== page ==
Steps are being taken to support the NHS as an informed customer for IT, in the drive to ensure local decisions maximise value for money for patients.

Commissioners across the NHS and all care providers will now have free access to information on systems installed across the NHS and IT suppliers.

This includes detailed insight on the available options and applicable standards. One of the key functions will be the opportunity for users to provide open feedback on suppliers and systems.

This initiative has been launched jointly between the Informatics Directorate and e-Health Insider (EHI). EHI Intelligence reports will now include:

  • details of key clinical and administrative systems used within all trusts and primary care trusts (PCTs)
  • details of system conformance against NHS standards as published by the Information Standards Board
  • details of PC, laptop, notebook and smartphone device quantities in use by individual NHS organisations
  • a facility to allow users to rate the systems and suppliers that they use.

Raw data about systems in use within the NHS will also be published on this site and the 'Opening up Government' website. This means other information intermediaries can use the data to provide different insights on NHS services as the NHS continues to develop its capacity to exchange and provide information.

The Department of Health is also working with the Government Procurement Service on a pan-government supplier information database (SID4GOV), which will be a useful reference point for those involved in procuring and evaluating system suppliers.

Intellect, the trade organisation for IT suppliers, is actively working with the Informatics Directorate to develop these initiatives.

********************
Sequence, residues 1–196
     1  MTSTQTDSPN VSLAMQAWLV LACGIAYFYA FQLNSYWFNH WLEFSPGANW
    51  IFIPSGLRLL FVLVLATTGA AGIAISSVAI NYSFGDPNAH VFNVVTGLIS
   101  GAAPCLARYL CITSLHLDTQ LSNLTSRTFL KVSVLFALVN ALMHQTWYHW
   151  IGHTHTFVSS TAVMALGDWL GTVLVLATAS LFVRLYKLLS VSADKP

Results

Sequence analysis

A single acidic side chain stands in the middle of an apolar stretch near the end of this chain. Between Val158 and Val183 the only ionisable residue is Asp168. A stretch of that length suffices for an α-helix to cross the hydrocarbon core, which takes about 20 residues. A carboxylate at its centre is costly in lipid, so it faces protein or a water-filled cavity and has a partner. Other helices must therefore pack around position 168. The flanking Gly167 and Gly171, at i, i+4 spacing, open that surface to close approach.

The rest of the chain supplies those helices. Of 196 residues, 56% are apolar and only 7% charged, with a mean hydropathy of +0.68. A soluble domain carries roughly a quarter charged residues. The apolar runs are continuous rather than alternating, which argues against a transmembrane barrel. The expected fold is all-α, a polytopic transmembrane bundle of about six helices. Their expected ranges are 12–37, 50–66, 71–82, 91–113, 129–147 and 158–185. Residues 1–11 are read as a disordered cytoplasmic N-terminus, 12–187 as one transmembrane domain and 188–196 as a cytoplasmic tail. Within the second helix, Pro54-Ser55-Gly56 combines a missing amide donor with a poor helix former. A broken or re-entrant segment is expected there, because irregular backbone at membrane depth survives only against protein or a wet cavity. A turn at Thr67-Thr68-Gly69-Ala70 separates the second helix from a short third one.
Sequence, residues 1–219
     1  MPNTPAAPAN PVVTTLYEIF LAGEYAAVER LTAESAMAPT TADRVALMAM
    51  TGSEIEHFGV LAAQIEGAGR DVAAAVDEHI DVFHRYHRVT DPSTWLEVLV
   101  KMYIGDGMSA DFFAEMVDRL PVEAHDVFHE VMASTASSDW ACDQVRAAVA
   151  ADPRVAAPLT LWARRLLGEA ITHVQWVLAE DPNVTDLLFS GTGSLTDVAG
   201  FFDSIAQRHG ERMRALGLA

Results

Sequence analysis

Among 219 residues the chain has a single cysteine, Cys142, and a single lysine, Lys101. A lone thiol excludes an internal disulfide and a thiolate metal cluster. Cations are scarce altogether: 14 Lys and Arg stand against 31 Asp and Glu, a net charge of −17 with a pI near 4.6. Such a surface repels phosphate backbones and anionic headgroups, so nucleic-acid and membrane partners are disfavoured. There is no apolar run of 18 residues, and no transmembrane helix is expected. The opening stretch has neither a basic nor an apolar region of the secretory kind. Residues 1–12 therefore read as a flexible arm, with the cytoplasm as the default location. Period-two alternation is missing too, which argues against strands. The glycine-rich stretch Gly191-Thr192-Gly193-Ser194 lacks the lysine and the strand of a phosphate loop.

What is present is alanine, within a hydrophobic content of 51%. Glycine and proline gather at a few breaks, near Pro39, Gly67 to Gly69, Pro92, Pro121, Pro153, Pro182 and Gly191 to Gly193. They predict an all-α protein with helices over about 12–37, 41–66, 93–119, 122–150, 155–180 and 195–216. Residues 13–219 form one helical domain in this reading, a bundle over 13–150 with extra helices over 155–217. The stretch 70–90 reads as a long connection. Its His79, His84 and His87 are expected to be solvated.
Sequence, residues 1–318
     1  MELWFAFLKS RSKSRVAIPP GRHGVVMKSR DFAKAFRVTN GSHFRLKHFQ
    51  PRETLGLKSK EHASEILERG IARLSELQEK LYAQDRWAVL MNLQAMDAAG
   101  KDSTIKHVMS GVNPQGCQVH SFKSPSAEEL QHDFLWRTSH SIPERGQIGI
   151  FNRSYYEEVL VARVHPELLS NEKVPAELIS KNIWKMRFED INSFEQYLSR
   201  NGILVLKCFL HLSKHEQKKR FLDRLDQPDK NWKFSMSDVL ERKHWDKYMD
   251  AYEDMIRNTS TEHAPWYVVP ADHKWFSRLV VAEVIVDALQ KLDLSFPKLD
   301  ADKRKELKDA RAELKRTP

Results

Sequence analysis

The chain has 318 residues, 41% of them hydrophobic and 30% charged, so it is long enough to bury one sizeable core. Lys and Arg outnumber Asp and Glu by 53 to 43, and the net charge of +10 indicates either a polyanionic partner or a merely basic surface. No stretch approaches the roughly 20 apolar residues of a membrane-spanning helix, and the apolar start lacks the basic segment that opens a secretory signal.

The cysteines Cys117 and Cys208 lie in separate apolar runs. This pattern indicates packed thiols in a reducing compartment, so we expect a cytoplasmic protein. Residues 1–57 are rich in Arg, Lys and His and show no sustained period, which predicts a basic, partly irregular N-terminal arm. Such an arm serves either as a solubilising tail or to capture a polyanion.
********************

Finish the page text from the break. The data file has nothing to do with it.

Why has the NHS National Programme for IT been dismantled?

The government announced an acceleration of the dismantling of the National Programme for IT in September 2011.

The programme was created in 2002 under the last government and the Cabinet Office's Major Projects Authority has concluded that it is not fit to provide the modern IT services that the NHS needs.

In May 2011 the Prime Minister announced in the House of Commons that the MPA would be reviewing the NHS National Programme for IT.

The MPA found that there have been substantial achievements which are now firmly established, such as the Spine, N3 Network, NHSmail, Choose and Book, Secondary Uses Service and Picture Archiving and Communications System.

Their delivery accounts for a significant proportion of the money spent so far and they will continue to provide vital support to the NHS. However, the review reported the National Programme for IT has not and cannot deliver to its original intent.

In a modernised NHS, which puts patients and clinicians in the driving seat for achieving health outcomes amongst the best in the world, it is no longer appropriate for a centralised authority to make decisions on behalf of local organisations.

We will continue to work with our existing suppliers to determine the best way to deliver the services upon which the NHS depends in a way which allows the local NHS to exercise choice while delivering best value for money.

A new partnership with Intellect, the Technology Trade Association, will explore ways to stimulate a marketplace that will no longer exclude small and medium sized companies from participating in significant government healthcare projects.

Read the letter from Sir David Nicholson, NHS Chief Executive, which provides an update on the steps being taken to stop NHS Information Technology being introduced as a centralised programme.